Utah frequently experiences droughts. The historical record indicates periodic prolonged wet and dry periods (Figure 5). Since snowmelt from the snowpack provides water for many river basins, abnormally low winter and spring precipitation is often the trigger for drought conditions. In 2012, Utah experienced one of its driest springs since records began in 1895, resulting in severe drought conditions in areas across the entire state. The driest year on record was 2020, and by the end of the year, 90% of the state was in extreme or exceptional drought. Dry conditions since 2000 have resulted in near-record-low water levels in the Great Salt Lake (Figure 6). El Niño and La Niña events can have major effects on precipitation in other parts of the western U.S., but in Utah the effects are not consistent and thus the occurrence of such events cannot be used as a reliable prediction tool.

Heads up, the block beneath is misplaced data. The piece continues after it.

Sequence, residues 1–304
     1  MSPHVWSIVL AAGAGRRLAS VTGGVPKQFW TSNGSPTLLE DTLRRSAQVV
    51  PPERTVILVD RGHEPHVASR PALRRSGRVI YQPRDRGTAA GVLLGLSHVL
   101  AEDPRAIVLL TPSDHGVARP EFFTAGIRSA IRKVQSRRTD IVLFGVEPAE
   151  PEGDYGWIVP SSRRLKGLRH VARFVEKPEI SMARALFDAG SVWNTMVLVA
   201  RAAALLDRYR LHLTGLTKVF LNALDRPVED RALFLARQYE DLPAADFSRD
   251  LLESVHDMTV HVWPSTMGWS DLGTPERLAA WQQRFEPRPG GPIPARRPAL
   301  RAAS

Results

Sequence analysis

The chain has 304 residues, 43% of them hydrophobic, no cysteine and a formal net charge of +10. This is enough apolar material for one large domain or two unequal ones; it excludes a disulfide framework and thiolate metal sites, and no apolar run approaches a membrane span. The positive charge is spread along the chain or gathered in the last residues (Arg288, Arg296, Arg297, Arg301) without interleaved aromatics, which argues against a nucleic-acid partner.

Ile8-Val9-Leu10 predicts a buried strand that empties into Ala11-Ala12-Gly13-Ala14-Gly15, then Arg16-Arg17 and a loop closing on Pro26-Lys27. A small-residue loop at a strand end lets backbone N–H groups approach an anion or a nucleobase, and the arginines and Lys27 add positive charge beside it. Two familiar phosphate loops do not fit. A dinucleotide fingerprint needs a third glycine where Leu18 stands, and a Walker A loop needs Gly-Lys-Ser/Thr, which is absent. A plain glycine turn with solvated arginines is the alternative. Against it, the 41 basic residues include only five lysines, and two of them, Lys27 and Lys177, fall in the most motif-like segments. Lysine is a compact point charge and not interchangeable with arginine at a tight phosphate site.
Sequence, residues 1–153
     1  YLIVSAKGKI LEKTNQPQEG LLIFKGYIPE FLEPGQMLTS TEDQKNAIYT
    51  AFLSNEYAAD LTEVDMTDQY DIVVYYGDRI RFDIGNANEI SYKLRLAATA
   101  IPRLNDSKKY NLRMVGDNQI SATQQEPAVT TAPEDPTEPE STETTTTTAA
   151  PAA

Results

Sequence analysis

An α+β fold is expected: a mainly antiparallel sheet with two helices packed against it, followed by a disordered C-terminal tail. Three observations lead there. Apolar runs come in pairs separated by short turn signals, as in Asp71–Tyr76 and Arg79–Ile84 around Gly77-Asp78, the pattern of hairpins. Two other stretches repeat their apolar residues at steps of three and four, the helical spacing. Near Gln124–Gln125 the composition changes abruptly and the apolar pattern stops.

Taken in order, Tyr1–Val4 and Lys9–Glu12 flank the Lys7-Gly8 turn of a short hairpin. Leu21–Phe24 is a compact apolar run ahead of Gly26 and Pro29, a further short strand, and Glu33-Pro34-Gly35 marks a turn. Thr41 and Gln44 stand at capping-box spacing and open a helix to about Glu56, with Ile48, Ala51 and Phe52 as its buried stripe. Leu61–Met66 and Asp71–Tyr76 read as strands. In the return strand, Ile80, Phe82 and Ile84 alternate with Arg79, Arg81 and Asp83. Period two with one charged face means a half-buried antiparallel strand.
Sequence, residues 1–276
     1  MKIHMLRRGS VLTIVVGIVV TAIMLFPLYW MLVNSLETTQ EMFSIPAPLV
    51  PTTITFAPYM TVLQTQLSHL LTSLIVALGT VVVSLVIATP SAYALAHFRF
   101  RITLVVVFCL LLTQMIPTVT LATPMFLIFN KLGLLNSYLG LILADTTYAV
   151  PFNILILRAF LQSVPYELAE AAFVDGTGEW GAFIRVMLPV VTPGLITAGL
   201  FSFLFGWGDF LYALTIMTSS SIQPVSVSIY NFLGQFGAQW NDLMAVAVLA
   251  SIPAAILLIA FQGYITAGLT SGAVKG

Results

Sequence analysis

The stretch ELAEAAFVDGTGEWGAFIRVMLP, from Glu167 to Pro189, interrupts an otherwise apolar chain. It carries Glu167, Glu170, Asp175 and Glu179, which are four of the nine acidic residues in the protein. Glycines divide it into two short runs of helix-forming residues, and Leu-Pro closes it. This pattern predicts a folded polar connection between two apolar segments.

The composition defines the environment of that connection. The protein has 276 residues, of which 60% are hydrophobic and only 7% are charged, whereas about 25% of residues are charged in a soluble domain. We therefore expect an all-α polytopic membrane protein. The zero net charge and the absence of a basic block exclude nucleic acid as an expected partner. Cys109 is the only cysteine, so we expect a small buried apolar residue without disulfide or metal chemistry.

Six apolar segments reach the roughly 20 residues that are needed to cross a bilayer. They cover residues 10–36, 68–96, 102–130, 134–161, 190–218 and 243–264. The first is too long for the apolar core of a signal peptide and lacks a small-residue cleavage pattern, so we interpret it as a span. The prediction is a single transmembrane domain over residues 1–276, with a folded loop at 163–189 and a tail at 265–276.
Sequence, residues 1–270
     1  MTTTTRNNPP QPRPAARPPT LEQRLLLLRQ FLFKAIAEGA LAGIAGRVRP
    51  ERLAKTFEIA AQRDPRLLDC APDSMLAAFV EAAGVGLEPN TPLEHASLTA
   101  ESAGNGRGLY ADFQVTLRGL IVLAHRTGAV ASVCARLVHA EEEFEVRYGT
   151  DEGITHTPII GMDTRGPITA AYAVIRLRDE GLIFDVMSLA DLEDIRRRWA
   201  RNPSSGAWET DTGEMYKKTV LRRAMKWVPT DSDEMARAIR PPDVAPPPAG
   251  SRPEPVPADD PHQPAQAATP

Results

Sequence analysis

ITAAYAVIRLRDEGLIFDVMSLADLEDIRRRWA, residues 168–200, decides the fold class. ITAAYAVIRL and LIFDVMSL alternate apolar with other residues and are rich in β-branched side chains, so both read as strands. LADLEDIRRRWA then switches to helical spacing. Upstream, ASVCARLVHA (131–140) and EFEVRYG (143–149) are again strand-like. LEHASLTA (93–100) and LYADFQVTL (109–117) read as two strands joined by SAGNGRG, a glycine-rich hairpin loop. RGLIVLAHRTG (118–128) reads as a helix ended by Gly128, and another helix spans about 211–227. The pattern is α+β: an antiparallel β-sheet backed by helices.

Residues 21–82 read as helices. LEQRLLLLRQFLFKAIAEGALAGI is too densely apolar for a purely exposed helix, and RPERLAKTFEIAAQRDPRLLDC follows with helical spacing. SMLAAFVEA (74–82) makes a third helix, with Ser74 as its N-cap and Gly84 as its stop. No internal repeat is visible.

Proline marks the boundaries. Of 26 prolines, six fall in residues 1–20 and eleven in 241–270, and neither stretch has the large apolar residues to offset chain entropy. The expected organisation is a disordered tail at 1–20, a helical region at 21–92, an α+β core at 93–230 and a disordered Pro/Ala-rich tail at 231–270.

Under a higher emissions pathway, historically unprecedented warming is projected to continue through this century (Figure 1). Even under a lower emissions pathway, annual average temperatures are projected to most likely exceed historical record levels by the middle of this century. However, a large range of temperature increases is projected under both pathways, and under the lower pathway, a few projections are only slightly warmer than historical records. Increases in average temperatures will be accompanied by increases in heat wave intensity and decreases in cold wave intensity.
Climate models are not consistent in their projections of precipitation for Utah, including winter precipitation (Figure 7). However, projected rising temperatures will also raise the snow line—the average lowest elevation at which snow falls. Continuing recent trends, this will increase the likelihood that precipitation will fall as rain instead of snow, reducing water storage in the snowpack, particularly at lower elevations that are currently on the margins of reliable snowpack accumulation. In addition, extreme precipitation is projected to increase, potentially increasing the frequency and intensity of floods.